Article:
Not a perfect work, but good enough for me, as I have never scratchbuilt a model.

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shipbuilder

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Excellent, and it just shows what can be achieved once you have got over the "I could never do that" attitude! Looking forward to seeing the rest of the build. Realisng that one if more than capable of sratchbuilding opens up a whole new field in model shipbuilding. It makes me feel really good to see something like this taking shape! :)
Bob
 

Stabsveterinar

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Excellent, and it just shows what can be achieved once you have got over the "I could never do that" attitude! Looking forward to seeing the rest of the build. Realisng that one if more than capable of sratchbuilding opens up a whole new field in model shipbuilding. It makes me feel really good to see something like this taking shape! :)
Bob
Thanks for your support, Bob, it´s greatly appreciated!
 

Stabsveterinar

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More elements added. In fact, only a few things to add before priming. The superestructures are some kind of problem, as MS Calabar was modified in 1948 and 1953. A new bridge was added and the funnel was much higher than in the original. Also the two small lifeboats were placed in the stern in platforms on each side of the poop deck. No problem with this, they will be added later after painting.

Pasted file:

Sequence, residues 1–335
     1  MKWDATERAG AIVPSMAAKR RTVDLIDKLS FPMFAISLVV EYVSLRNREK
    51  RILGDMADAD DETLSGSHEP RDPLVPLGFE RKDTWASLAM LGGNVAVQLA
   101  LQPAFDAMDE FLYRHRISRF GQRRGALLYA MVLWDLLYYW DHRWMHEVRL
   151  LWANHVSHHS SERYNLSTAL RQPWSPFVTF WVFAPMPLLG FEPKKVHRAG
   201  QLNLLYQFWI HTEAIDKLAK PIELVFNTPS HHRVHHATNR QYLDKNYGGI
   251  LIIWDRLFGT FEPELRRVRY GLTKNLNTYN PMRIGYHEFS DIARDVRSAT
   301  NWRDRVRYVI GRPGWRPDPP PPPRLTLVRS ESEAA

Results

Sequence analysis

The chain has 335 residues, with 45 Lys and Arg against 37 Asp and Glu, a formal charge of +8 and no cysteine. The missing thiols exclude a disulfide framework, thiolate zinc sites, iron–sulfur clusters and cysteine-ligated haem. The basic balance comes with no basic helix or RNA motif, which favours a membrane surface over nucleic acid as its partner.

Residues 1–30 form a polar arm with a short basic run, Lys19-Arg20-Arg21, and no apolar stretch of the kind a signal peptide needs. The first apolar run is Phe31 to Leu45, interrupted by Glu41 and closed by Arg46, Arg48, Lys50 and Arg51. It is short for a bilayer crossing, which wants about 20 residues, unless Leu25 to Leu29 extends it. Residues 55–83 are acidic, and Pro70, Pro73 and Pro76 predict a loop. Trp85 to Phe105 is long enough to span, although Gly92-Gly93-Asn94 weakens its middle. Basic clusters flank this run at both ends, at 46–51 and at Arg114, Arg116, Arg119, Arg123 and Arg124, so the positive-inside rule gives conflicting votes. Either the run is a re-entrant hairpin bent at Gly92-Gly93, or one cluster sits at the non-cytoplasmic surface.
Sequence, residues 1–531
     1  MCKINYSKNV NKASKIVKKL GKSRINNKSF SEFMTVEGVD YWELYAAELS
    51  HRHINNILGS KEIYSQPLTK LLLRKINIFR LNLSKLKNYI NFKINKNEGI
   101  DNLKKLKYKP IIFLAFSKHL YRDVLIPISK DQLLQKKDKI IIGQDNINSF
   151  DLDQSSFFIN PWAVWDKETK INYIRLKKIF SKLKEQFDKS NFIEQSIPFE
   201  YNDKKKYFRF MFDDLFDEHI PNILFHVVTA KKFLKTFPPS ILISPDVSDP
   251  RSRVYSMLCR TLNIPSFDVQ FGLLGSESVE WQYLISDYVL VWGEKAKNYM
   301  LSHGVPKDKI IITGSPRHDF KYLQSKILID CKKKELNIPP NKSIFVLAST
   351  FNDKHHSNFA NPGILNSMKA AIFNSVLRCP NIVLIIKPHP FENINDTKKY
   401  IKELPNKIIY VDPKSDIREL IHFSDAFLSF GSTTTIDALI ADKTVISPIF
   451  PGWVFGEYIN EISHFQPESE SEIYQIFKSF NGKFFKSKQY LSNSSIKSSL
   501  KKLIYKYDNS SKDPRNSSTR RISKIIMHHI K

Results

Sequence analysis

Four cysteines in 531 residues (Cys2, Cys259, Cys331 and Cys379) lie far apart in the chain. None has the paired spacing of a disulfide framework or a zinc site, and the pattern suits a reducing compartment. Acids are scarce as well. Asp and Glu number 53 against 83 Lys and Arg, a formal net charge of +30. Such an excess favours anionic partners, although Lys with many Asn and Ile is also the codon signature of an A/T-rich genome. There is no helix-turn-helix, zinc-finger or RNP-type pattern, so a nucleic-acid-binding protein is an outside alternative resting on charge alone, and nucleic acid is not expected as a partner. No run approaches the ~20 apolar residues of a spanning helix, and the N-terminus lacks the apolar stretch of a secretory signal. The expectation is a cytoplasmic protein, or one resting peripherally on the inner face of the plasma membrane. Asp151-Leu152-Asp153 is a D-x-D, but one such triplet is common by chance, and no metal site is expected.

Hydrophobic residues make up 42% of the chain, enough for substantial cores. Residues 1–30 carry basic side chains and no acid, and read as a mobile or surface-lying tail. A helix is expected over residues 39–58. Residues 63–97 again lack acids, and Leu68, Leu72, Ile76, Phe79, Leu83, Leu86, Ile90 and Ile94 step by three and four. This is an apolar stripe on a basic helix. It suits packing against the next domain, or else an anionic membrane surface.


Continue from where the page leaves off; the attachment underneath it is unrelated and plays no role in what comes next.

The bridge is another question. As there are no plans of the new bridge, I studied several photos of the ship. I´m quite sure about the wood girder in front of the deck bridge, fitted with masking tape (still not glued). The new bridge is my interpretation after seeing several photos. The funnel height is also my estimation, studying also the photos taken from different angles.

Concerning other elements, the cargo hatches are covered with wet tissues and white glue. The davits are resin aftermarket pieces, so the anchors.

As there are not photos of the section around the funnel, I´ll follow @shipbuilder model (thank you!), supposing it was not modified.

Finally, the rear part of the bridge deck before the funnel has an element I can´t identify. Maybe you can help me. Its seems a big white drum, marked with a red circle. It can be seen also in a port side photo of the still MS Calabar (last one). In the second photo you can also see some kind of drum fitted to the bridge wall marked in blue.

Thanks in advance!

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shipbuilder

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It can be a big problem when a ship has been modified as much as that, but it is looking quite accurate so far. With all those people aboard, I would think that the round drum is maybe a sanitary tank of saltwater for toilet flushing. Or maybe a big freshwater tank, but whichever it was, I would say it contained water, either fresh or salt.
Bob
 

Stabsveterinar

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It can be a big problem when a ship has been modified as much as that, but it is looking quite accurate so far. With all those people aboard, I would think that the round drum is maybe a sanitary tank of saltwater for toilet flushing. Or maybe a big freshwater tank, but whichever it was, I would say it contained water, either fresh or salt.
Bob
Thanks, Bob, your help is greatly appreciated!
 

Stabsveterinar

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Primer applied. Obviously, paint revealed flaws, allí of them minor, fortunately. I'll let cure the paint for a day or two and then will correct them.

For colour scheme, according to photos, I'll apply dark red for lower hull, medium sea grey for upper hull and white for superestructures, except the wooden parts of the bridge, that will be black.

I'm reasonably happy, at least It looks like a ship!